Some Good Wead

January 29, 2009

—Calvin Luther Martin, PhD

 
Detail from dust jacket of “The Horse in Art,” John Baskett

David Minnich, Director of the Wead Library, was honored this week by a gift of books from Dr. Nina Pierpont (my better half).

Pierpont made the gift to celebrate Mr. Minnich’s century of service as Librarian.  (If not a century, it sure feels like one.  And it’s felt good.  Mr. Minnich has run a splendid community library.)

Shortly before Christmas, Pierpont phoned Mr. Minnich with news that Wead was getting a present.  Instead of coals-in-the-stocking, ‘twas to be a $450 gift certificate to buy any books he wished out of the Yale University Press catalog.  (To a librarian, this is like the kid in a candy store with five bucks to blow.  Nina made the gift in part in honor of her alma mater, Yale University, Class of 1977.)

And blow it he did, on a collection of Yale’s finest.

Consider “The Horse in Art” (above).  John Baskett’s gorgeous pictorial history of Equus from ancient Greeks & Romans to the present.  Horse lovers will be thrilled to curl up with this one.


From “The Railway:  Art in the Age of Steam,” Kennedy & Treuherz

From horse-and-buggy to steam.  Ian Kennedy & Julian Treuherz have created a stunning pictorial narrative of the steam engine in art and practical function.  We remember that in the olden days Malone was a railroad town.  Some of our most architecturally interesting buildings were in fact train depots:  the Community Bank towers (with hotel conveniently next door), “The Health Station” (Weissman medical offices), and, not least, a gorgeous station house tucked behind the courthouse (and needing tender loving care).  On Railroad Street, of course.


Claude Monet, in “The Railway:  Art in the Age of Steam”


Painting of woman traveling across country, from “The Railway”

And then the ships.  “The British Seaborne Empire,” by historian Jeremy Black.  Lots of ships lobbing cannonballs.  This one’s for military history lovers.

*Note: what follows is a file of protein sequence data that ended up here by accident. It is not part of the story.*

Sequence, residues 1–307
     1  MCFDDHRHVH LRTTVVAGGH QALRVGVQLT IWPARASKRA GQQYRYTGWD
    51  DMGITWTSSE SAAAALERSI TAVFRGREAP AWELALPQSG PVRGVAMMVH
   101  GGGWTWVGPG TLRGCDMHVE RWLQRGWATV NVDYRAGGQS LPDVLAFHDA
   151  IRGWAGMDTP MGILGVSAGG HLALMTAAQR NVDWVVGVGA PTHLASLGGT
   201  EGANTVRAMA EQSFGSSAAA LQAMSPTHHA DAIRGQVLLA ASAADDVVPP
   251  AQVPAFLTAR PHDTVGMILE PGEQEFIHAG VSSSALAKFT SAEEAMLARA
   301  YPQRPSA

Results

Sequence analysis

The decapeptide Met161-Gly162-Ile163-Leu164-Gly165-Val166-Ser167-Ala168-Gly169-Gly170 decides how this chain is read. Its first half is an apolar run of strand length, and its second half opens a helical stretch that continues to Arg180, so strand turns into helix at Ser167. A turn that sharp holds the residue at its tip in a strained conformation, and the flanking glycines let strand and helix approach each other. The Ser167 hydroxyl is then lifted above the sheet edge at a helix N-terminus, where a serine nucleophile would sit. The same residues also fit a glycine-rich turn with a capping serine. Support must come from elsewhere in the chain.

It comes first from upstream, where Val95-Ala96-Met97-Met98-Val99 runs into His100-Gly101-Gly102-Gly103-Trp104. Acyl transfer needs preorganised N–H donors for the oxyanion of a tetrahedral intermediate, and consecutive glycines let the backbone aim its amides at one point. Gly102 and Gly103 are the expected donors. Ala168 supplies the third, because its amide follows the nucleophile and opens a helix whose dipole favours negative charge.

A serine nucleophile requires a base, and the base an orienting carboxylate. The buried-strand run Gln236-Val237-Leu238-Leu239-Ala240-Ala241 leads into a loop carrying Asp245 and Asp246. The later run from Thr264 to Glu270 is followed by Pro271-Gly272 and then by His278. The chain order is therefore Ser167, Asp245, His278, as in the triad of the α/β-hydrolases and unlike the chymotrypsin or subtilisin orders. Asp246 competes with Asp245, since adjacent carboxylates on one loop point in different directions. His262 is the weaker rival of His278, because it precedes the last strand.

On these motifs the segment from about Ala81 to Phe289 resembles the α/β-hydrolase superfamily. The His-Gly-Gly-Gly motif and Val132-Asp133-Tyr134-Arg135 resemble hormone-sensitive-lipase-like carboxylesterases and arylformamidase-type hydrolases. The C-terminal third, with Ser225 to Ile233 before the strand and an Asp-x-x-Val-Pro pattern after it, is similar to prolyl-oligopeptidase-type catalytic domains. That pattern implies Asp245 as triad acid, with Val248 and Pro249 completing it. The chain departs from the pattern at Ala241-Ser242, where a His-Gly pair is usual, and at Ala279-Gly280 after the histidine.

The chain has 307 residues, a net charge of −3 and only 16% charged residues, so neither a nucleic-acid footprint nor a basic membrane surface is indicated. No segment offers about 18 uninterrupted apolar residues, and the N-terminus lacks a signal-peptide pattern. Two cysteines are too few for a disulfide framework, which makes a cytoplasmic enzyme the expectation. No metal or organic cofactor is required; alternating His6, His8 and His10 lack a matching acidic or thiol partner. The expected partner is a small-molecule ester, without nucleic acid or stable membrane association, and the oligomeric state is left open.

Often those English cannons were directed against the French navy.  Remember Admiral Lord Nelson at Trafalgar.  Which brings us to one of the most audacious (and outrageous) generals of all time:

Bonaparte!  More “Boom”!  More drama.  (Napoleon was nothing if not dramatic.)  Contemporaries described him as a brilliant theatrical presence.  Dwyer digs into Bonaparte’s Corsican childhood for insights into an extraordinary personality.  (So brilliant a dramatist that he managed to paper over his numerous failures in life, including as general.  This takes talent.)

Sir Henry Morton Stanley.  That name mean anything to you?  Of course it does:  the intrepid Welsh journalist who tracked down (jungle after malarial jungle, any number of large wild beasts, suspicious tribesmen) the most famous British missionary of all time.  Whom he then greeted with one of history’s celebrated understatements:  “Dr. Livingstone, I presume?”  (See “How I Found Livingstone: Travels, Adventures and Discoveries in Central Africa: Including an Account of Four Months’ Residence with Dr. Livingstone,” 1872.)

Winslow Homer, a different sort of explorer.  A man who spoke with paintbrush rather than pen or cannonball.  Who explored 19th-century America on canvas.  Including our own backyard, the Adirondacks.  Some of Homer’s most evocative scenes are of Adirondack guides and canoes.  (A reprint of “The Blue Boat” hangs in the study of yours truly.)  To feel the 19th century in your bones, spend a few hours with this volume.

And more.

Waiting for you at Wead Library.